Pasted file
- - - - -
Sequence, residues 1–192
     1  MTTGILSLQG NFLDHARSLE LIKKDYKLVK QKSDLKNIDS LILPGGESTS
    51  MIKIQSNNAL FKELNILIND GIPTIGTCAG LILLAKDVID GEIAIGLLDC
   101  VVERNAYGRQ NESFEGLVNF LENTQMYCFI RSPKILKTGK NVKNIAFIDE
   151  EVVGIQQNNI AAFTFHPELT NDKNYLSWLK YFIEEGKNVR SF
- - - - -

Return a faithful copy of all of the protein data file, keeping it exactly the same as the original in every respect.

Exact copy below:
Sequence, residues 1–192
     1  MTTGILSLQG NFLDHARSLE LIKKDYKLVK QKSDLKNIDS LILPGGESTS
    51  MIKIQSNNAL FKELNILIND GIPTIGTCAG LILLAKDVID GEIAIGLLDC
   101  VVERNAYGRQ NESFEGLVNF LENTQMYCFI RSPKILKTGK NVKNIAFIDE
   151  EVVGIQQNNI AAFTFHPELT NDKNYLSWLK YFIEEGKNVR SF